Risk versus Gain: Operations in Vacant or Abandoned Structures
Fire Fighter LODD after Being Trapped in a Roof Collapse During Overhaul of a Vacant/Abandoned Building. NIOSH recently published a report on a 2008 LODD that occurred in a vacant/ abandoned building. NIOSH Report F2008-0037. The full report is available HERE. Let’s look at some insights and overviews of that report.
On November 15, 2008, a 38-year-old male fire fighter died after being crushed by a roof collapse in a vacant/abandoned building. Fire fighters initially used a defensive fire attack to extinguish much of the fire showing from the second-floor windows on arrival. After the initial knockdown, fire crews entered the second floor to perform overhaul operations. During overhaul, the roof collapsed with several fire fighters still inside, on the second floor. The victim and two other fire fighters were trapped under a section of the roof. Crews were able to rescue two fire fighters (who self-extricated), but could not immediately find the victim. After cutting through roofing materials, the victim was located by fire fighters, unconscious and unresponsive.
He was removed from the structure and transported to a local hospital where he was pronounced dead. Key contributing factors identified in this investigation include: dilapidated building conditions, incendiary fire originating in the unprotected structural roof members, inadequate risk-versus-gain analysis prior to committing to interior operations involving a vacant/abandoned structure, inadequate accountability system, lack of a safety officer, an inadequate maintenance program for self-contained breathing apparatus (SCBA) and a poorly maintained and likely inoperable personal alert safety systems (PASS), ineffective strategies for the prevention of and the remediation of vacant/abandoned structures and arson prevention.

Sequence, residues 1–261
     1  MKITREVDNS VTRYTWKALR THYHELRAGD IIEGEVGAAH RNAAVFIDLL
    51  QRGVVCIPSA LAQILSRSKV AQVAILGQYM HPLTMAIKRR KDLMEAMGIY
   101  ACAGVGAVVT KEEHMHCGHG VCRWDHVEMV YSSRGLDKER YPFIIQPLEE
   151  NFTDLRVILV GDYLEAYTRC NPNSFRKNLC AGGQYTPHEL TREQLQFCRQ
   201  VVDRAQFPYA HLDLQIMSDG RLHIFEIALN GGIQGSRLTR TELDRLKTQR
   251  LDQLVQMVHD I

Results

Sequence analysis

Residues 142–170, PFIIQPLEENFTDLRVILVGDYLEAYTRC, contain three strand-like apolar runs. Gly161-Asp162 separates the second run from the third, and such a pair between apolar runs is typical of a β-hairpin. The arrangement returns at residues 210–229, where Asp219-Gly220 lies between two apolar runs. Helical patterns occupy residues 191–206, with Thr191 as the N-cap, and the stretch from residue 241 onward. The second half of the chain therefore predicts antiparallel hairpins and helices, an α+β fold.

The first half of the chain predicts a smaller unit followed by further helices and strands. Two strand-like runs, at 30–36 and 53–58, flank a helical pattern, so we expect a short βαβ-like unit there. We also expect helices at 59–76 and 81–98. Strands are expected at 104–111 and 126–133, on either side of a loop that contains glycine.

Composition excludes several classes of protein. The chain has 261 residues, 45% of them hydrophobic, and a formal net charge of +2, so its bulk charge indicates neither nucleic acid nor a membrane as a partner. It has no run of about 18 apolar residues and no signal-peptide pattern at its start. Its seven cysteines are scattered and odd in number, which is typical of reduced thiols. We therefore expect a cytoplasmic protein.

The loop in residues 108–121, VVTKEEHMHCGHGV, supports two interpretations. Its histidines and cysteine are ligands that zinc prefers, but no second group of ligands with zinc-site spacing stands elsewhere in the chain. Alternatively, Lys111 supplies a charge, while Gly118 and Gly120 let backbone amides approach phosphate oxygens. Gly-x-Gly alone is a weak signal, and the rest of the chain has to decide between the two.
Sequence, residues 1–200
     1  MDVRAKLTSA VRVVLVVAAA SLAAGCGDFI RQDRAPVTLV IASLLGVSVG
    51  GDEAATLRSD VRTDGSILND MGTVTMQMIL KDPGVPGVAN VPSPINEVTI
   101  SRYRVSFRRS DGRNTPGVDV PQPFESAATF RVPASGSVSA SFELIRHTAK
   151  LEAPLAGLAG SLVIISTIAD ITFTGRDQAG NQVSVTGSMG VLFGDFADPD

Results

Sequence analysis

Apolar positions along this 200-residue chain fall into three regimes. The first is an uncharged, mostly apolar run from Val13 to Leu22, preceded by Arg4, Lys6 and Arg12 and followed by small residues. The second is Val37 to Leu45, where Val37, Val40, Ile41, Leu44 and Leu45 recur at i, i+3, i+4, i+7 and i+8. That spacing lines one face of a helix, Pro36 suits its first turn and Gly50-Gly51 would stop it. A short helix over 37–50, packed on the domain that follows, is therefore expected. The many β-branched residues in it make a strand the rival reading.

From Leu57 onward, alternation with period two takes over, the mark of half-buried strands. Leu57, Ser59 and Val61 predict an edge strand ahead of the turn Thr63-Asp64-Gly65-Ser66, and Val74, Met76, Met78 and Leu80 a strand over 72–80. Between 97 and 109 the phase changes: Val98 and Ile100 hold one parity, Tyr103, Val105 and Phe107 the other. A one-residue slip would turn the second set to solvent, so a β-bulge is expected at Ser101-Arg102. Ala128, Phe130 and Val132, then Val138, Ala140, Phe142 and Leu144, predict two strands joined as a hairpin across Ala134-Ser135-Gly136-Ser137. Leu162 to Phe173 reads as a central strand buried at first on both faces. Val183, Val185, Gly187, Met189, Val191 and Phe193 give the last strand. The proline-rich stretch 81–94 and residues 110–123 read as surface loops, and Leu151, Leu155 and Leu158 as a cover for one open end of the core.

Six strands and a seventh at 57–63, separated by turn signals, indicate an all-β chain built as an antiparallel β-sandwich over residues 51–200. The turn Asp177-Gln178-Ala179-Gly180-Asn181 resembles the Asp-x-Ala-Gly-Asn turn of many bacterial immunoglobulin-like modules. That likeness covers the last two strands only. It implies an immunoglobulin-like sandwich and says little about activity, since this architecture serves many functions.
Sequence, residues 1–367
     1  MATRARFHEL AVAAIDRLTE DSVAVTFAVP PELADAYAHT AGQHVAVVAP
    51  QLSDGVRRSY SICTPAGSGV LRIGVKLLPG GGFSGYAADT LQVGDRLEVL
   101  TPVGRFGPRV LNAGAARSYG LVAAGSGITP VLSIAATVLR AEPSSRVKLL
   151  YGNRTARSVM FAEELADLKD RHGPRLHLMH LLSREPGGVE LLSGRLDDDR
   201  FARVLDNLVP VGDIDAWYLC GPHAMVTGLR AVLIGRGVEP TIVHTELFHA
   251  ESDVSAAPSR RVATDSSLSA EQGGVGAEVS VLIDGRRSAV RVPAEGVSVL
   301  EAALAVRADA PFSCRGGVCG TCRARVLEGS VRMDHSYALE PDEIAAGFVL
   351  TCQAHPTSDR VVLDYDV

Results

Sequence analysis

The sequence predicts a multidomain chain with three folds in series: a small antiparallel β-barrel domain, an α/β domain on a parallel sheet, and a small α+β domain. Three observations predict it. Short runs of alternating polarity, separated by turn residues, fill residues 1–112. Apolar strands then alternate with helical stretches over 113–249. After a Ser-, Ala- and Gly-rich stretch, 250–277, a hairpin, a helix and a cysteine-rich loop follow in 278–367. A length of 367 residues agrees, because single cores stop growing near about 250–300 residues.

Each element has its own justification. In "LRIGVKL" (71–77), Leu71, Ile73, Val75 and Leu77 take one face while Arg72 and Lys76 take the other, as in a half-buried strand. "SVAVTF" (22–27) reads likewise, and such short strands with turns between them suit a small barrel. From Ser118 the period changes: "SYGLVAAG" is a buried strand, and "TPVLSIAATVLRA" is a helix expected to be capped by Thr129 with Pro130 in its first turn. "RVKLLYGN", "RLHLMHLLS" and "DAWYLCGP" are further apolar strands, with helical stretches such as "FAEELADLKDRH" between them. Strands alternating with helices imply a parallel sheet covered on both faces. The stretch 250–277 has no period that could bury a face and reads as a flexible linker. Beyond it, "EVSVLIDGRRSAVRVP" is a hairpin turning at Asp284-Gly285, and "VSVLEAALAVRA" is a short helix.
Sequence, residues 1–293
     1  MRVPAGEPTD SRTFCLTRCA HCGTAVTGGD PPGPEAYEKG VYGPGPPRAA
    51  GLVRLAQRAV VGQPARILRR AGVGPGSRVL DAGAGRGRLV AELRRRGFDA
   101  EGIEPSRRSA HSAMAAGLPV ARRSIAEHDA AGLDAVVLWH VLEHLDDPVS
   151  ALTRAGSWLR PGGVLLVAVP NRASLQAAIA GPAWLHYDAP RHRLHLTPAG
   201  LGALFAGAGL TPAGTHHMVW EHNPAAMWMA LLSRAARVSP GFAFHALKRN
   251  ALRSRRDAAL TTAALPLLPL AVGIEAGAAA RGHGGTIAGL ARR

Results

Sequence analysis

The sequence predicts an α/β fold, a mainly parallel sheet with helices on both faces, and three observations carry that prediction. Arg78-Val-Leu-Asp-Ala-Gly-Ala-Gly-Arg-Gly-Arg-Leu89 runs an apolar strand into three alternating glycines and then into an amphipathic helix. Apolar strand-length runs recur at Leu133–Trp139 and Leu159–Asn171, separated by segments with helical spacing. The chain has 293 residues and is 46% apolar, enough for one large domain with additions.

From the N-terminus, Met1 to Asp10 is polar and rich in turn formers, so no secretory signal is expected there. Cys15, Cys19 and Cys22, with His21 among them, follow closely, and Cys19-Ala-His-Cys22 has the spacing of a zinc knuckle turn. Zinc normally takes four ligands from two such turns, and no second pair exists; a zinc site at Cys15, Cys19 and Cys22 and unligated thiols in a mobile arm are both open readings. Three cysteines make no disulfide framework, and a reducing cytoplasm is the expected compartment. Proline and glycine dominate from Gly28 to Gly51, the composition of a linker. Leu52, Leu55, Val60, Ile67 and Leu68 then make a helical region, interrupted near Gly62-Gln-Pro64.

Inherent Construction Issues
This incident occurred in a vacant unsecured residential structure which had experienced a previous fire approximately one year prior to this incident. During interviews with NIOSH investigators, fire fighters reported large amounts of fire showing from all windows on the second floor on arrival. Fire fighters also reported that the roof had burned through on the Side B/C and one fire fighter reported he could see the sky while ascending the interior stairs to perform overhaul. It is not known if the roof conditions were communicated to the incident commander before fire fighters were assigned to operate on the roof. The fire fighters were unaware of the conditions such as the exposed roof assembly, possible removal of rafter connectors (collar beams), and the use of a flammable liquid in the structural members of the roof and second floor attic area. The roof assembly (being unprotected) was directly involved as part of the fuel in this fire.
The large dormer on the A-side presents an identifiable inherent risk factor (due to the potential for structural compromise or failure) when found on 1.5 story bungalow style residential structure due to the integral manner in which the dormer structure, i.e., roof rafters, dormer framing and roofing boards along with the functionality of the ridge beam must function in order to retain structural integrity under fire conditions. The dormer may be actually supported at the upper end directly onto the roofing boards, which in turn are supported by the perpendicular roof rafters. This creates a potential area for pronounced degradation when exposed to direct or indirect flame impingement creating an area prone to early structural compromise and eventual failure.